LAS VEGAS (KLAS) — What goes up must come down. But, in the world that is F1, that potentially means leaving some of its world-class racetrack standing year-round.
The lights, grandstands, pedestrian bridge screens, and track barriers that are now towering over Las Vegas Boulevard (and sometimes blocking iconic Strip views) will come down starting “the day after the race,” Las Vegas Grand Prix (LVGP) Project Manager Terry Miller told Clark County Commissioners in early October.
However, neither he nor the racing giant has yet to reveal an official takedown timeline that took roughly half a year to build up.
Las Vegas Convention and Visitors Authority (LVCVA) President and CEO Steve Hill revealed Tuesday that it will likely take six to eight weeks to transform the now 3.8-mile world-class race track back to the memorable Las Vegas Strip.
“We have to do that in conjunction with all the other events and shows that are happening in that corridor,” Hill said to media after Tuesday morning’s LVCVA board meeting. “Amazon will be here with AWS immediately – they’ll start setting up immediately after the race, and we don’t want to disrupt them.”
The takedown will be complete with just months in between the next time crews will be tasked to build it back up again for the 2024 Grand Prix. Clark County commissioners, like Marilyn Kirkpatrick, have tasked LVGP with making that process less disruptive each year.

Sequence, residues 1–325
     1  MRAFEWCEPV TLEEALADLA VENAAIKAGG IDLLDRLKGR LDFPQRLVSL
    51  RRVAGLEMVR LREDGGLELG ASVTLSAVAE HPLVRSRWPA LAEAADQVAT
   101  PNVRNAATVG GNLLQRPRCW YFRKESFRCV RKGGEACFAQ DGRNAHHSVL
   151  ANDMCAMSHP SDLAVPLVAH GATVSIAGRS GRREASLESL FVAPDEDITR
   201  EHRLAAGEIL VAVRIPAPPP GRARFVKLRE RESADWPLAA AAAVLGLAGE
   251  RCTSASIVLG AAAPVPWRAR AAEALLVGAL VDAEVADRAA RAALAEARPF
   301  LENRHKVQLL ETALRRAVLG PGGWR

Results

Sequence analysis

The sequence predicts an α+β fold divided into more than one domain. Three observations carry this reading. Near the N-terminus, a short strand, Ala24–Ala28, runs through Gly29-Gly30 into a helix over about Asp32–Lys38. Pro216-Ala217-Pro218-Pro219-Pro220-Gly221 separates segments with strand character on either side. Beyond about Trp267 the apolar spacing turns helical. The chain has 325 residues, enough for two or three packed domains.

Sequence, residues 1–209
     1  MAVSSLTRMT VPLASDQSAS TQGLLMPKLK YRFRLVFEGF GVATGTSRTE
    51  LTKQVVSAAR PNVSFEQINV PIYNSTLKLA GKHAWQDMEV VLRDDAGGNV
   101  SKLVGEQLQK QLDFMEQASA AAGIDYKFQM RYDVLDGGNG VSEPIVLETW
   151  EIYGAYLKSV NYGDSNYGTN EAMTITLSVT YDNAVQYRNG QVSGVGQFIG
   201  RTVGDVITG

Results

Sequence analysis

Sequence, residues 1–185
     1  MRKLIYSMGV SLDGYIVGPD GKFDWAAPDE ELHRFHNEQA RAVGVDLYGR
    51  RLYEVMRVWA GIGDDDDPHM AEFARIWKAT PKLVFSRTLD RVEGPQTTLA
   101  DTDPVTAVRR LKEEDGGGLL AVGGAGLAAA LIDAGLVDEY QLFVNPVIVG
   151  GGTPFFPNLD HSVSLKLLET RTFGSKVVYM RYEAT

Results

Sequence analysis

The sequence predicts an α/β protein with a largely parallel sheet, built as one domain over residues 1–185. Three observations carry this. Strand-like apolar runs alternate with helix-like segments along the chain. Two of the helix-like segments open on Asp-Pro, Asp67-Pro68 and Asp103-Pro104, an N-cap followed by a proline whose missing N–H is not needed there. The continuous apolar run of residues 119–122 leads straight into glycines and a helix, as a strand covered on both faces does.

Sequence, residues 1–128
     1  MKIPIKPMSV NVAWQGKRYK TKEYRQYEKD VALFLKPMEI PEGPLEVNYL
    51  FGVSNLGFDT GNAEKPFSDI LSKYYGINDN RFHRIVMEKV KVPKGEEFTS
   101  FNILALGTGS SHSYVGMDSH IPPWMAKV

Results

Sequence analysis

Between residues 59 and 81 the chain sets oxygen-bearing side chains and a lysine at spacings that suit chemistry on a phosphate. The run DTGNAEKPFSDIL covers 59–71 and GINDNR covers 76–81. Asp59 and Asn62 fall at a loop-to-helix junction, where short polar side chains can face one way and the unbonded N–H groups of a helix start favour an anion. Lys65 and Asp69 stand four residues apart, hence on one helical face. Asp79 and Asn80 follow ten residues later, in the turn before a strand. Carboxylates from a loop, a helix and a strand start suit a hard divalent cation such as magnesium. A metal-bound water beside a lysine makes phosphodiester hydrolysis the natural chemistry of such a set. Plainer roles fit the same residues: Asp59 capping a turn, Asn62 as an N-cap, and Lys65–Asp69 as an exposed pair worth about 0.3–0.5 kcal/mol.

“I don’t want to do the bridges every single time. Maybe that’s something that you look at for permanent,” Kirkpatrick told Miller during an early October commissioner meeting.
Those conversations are ongoing now with LVCVA, F1, and Clark County, according to Hill. While much of the grandstands were built on land “too valuable” for long-term commitments, he points to the 750-foot-long vehicle bridge over Flamingo and Koval that he says has kept traffic flowing in and out of the strip since the 10-day install in October.
“The traffic’s better than it was before we started to build all of this. That bridge is a big part of that,” Hill said. “It makes a bunch of sense. It’s one of the things we’ve learned.”
It may be unlikely that the bridge will remain permanent after this year’s race. Miller said the takedown will begin in December and bring another 10 days of closures in the midst of New Year’s Eve preparations.